Henry Clay Frick (1849-1919)

H.C. Frick, of Pittsburgh & New York; Chairman of Carnegie Steel etc.

Associated Houses

Clayton

Pittsburgh

Eagle Rock

Pride's Crossing, Beverly

He was born at West Overton, 40-miles southeast of Pittsburgh, where his mother's family owned the Old Overholt whisky distillery. His father however was less prosperous and he had a limited education before entering into business with some cousins using a beehive oven to turn coal into coke for making steel. In 1880, with the financial support of his old friend Andrew Mellon, Frick was able to buy out his partners and now controlled 80% of the coal output in Pennsylvania. While on Honeymoon the following year, he met Andrew Carnegie which eventually led to their firms merging and Frick was appointed Chairman of the Carnegie Steel Company.

In 1889, the fishing and hunting club of which he was a charter member was responsible for lowering the dam that resulted in the Johnstown Flood which killed 2,209 people. In July, 1892, his dogged aversion to union workers led to the Homestead Strike which saw ten people killed and 2.5k workers lose their jobs. As a direct result an attempt was made on his life. His would-be assassin shot him twice in the neck and stabbed him five times in the leg - Frick was back at work within the week. At the same time, his relationship with Carnegie began to unravel as Carnegie undermined him in an effort to force him out.

After Carnegie abolished his position, the two went to court in 1900 and Frick was awarded $30 million in securities, making him the largest individual railway stockholder in the world. In 1901, he moved to New York City, serving on the board of J.P. Morgan's newly formed United States Steel Corporation. Whereas Morgan collected art as an investment, Frick was truly passionate about it. He started collecting seriously from about 1890 and his interest increased when he moved to New York and leased 640 Fifth Avenue. The house he later built there, the Frick House, was designed in the knowledge that it would one day become a museum and his collection (with an endowment) would be left to the public. Today, the Frick is home to the finest collection of European paintings in the United States. The Fricks summered at Eagle Rock in Massachusetts and kept Clayton in Pittsburgh which is today the Frick Art & Historical Center. Frick was survived by his wife, Adelaide, and two of their four children: Childs and Helen Frick. He left a fortune of $142 million of which $117 million was given to charitable causes.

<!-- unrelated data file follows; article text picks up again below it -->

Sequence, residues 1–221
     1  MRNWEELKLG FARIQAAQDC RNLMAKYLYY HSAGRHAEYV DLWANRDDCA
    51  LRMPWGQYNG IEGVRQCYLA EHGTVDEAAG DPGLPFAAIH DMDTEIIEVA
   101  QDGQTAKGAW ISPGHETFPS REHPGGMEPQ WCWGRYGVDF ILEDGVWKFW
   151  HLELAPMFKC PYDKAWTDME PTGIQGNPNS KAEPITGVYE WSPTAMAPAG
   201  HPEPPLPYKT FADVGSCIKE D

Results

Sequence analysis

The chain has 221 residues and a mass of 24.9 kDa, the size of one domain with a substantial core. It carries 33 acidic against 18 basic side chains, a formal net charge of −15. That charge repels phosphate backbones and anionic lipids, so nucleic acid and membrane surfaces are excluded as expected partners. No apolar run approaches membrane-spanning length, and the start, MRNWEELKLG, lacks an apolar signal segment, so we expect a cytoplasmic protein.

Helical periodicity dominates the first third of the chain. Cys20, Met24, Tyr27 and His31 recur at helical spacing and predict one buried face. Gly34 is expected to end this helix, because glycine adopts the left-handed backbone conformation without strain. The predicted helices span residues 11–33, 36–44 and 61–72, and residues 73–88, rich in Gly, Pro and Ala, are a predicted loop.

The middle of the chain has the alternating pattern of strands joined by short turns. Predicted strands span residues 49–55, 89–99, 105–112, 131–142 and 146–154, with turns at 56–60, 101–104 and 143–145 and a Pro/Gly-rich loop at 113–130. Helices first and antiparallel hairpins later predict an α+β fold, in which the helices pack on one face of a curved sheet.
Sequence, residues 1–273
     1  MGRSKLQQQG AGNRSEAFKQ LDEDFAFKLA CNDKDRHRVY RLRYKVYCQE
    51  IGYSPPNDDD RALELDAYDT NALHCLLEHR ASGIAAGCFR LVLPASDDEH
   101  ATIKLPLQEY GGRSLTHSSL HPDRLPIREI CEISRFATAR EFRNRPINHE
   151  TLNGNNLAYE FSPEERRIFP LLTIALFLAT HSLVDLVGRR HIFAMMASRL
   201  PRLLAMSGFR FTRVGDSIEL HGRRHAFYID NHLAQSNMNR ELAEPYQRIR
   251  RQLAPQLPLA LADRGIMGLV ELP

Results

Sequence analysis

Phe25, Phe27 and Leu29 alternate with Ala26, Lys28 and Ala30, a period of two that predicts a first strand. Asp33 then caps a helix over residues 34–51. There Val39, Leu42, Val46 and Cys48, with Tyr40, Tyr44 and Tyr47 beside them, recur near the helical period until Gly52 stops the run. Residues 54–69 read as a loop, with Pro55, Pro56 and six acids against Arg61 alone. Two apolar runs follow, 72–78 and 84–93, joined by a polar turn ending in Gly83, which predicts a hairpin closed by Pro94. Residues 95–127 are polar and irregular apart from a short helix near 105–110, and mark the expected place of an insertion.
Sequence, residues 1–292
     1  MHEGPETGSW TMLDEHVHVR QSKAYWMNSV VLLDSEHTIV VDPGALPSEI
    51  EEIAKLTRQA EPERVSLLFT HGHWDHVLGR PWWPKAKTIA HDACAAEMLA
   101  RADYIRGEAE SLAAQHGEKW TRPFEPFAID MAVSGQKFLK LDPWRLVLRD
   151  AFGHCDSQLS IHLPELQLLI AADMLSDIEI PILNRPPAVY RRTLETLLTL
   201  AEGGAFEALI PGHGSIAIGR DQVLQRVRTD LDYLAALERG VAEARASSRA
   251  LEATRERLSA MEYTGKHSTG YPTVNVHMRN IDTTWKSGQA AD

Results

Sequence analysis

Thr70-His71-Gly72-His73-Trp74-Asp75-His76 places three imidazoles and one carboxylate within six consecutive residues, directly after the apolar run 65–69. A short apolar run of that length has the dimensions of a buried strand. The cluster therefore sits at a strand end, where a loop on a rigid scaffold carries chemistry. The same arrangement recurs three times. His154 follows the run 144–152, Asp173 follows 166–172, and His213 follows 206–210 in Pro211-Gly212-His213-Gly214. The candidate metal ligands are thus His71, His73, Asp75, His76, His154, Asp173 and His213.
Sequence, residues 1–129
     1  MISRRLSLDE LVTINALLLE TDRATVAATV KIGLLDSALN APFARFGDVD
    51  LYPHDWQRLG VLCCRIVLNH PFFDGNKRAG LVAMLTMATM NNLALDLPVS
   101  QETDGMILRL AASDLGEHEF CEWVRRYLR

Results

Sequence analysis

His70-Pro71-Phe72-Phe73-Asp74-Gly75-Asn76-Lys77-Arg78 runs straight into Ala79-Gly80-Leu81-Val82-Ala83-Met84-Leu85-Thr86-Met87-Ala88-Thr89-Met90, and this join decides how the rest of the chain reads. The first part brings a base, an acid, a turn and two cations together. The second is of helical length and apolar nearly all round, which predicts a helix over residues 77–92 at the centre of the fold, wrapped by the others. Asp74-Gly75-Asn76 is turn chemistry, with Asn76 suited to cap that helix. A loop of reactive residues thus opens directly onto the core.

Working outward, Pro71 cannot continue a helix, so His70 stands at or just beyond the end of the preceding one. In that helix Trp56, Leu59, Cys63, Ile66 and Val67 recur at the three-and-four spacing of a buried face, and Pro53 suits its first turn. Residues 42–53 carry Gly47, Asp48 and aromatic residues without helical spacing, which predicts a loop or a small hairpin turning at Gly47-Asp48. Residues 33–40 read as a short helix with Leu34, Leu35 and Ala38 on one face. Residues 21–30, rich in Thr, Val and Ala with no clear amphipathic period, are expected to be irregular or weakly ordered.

Contributed by Mark Meredith on 19/08/2020 and last updated on 05/02/2021.